Monday, 4 April 2016

ISTM promotions to Senior Lecturer

Congratulations to the following members of ISTM on their recent promotions...

Ed Chadwick moved to Keele as Lecturer in Biomedical Engineering in 2012 from Aberystwyth University where he taught Biomechanics. After obtaining a degree in Mechanical Engineering at Nottingham and PhD in Bioengineering from Strathclyde, Ed spent several years working as a Senior Research Associate at Case Western Reserve University in Cleveland, Ohio and at Delft University of Technology in the Netherlands.

His research interests are in the application of biomechanical modeling and simulation techniques to study upper limb function in a range of neuromuscular disorders including spinal cord injury and stroke. He has a particular interest in the use of functional electrical stimulation (FES) and development of FES devices for the restoration of function. He is currently the theme lead for the Rehabilitation Research Group within ISTM, and MSc course Director for Biomedical Engineering, leading modules in medical technology and devices.

As well as a range of PhD studentships, charity and industrial funding, Ed is a co-investigator of a major EPSRC project in Enabling Technologies for Sensory Feedback in next generation assistive devices, in collaboration with Imperial, Newcastle, Leeds, Essex and Southampton universities. He also continues to collaborate with Case Western Reserve University in the USA on a major project funded by the National Institutes of Health. Ed currently serves on the Executive Council of the International Society of Biomechanics, and was one of the recipients of Keele's MRC Centenary Awards.

Clare Hoskins has been promoted to Senior Lecturer in recognition of her research and her contribution to development of the School of Pharmacy. Clare has managed stage 2 of the MPharm programme for the past three years and is currently leading the restructuring of the year-long module in line with the newly accredited course. Clare has also contributed towards the School's recruitment and widening participation activities and sits on the Faculty Outreach Committee.

Clare has taught on all years of the degree and especially is interested in ensuring her teaching content is informed by the advances in research in her field of interest. Clare's research group, "Keele Nanopharmaceutics", has gained significant recognition over the past four years for its work in the use of nanomedicines for drug delivery. Currently Clare supervises seven PhD students who work on multi-disciplinary projects ranging from organic synthesis through to biological investigations. Clare is the elected Secretary of the Royal Society of Chemistry, Chemical Nanosciences & Nanotechnology Division as well as sitting on the Committee for Preclinical Sciences and Animal Health for the Controlled Release Society. Clare organised the Nanopharmaceutics Symposium at Keele in July 2015, which she intends running on an annual basis.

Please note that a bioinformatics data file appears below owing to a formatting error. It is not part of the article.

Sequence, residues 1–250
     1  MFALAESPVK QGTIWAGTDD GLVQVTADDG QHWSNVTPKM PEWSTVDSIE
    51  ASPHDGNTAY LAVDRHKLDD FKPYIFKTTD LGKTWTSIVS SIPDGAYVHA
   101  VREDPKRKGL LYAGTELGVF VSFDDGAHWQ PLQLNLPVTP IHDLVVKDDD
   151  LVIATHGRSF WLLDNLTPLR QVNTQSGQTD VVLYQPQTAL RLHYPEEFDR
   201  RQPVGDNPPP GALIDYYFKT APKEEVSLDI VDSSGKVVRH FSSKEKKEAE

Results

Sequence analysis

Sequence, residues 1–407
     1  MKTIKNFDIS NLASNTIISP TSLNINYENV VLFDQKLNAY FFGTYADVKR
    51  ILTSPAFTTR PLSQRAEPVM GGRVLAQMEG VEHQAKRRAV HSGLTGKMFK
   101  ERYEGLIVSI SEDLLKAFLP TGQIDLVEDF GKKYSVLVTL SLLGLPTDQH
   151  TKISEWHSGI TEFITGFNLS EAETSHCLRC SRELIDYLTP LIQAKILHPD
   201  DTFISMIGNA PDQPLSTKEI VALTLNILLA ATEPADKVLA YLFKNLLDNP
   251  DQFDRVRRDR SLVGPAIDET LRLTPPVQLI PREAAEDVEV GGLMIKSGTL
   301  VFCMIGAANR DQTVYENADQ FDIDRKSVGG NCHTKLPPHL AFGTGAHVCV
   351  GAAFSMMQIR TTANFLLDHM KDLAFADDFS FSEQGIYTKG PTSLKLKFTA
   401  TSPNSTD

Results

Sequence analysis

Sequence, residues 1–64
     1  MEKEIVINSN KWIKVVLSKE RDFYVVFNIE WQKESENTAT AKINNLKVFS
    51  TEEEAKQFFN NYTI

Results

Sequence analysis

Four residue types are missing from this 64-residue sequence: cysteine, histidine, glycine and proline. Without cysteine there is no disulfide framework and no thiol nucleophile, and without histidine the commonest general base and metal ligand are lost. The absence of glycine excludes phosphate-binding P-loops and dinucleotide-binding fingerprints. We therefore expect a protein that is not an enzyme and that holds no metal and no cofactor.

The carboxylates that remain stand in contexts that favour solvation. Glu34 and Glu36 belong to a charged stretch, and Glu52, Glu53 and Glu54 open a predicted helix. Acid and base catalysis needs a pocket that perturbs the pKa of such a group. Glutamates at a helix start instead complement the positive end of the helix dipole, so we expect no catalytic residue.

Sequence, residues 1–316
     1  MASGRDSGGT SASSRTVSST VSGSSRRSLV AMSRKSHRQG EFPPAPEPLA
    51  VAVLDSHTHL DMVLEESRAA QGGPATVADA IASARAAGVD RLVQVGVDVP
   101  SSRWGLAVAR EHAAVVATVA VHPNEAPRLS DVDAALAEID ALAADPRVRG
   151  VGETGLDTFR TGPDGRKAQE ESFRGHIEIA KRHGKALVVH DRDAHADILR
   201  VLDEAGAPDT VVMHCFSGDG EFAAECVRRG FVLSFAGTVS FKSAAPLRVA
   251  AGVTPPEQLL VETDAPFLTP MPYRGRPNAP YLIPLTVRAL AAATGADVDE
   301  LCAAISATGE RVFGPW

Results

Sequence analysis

Paul Roach joined Keele in Nov 2009 and has since established a laboratory for microfabrication and surface analysis. Learning from natural biological processes, he has pioneered the understanding of interfacial interactions with nano-surfaces. His work has generated international interest with his publications receiving over 3,300 citations with an H-index of 14.

He has attracted external grants totaling over £600k and is also a co-investigator of the EPSRC-MRC Regenerative Medicine Centre for Doctoral Training in conjunction with Nottingham and Loughborough worth 3.5m overall. In addition, Paul was a key contributor to the EPSRC Capital award for major equipment in ISTM. His research and PhD students investigate development of advanced materials, their manufacture and use in directing biological responses.

Paul has taken a very active role in promoting interdisciplinary research and is a prominent member of the biomaterials and regenerative medicine communities in the UK and Europe, serving as adjunct faculty at the Donders Institute for Brain, Cognition and Behaviour at Radboud University in the Netherlands. In 2014 he was elected to the UK Society of Biomaterials council and in 2015 to the Executive Committee of the RSC Biomaterials group. He is also a member of the EPSRC Early Career Manufacturing Forum.

Having previously served as academic conduct officer in the Medical School, Paul is now Director of MSc in Cell and Tissue Engineering and co-ordinates the summer school for Saudi medical students who have been visiting ISTM for the past five years.

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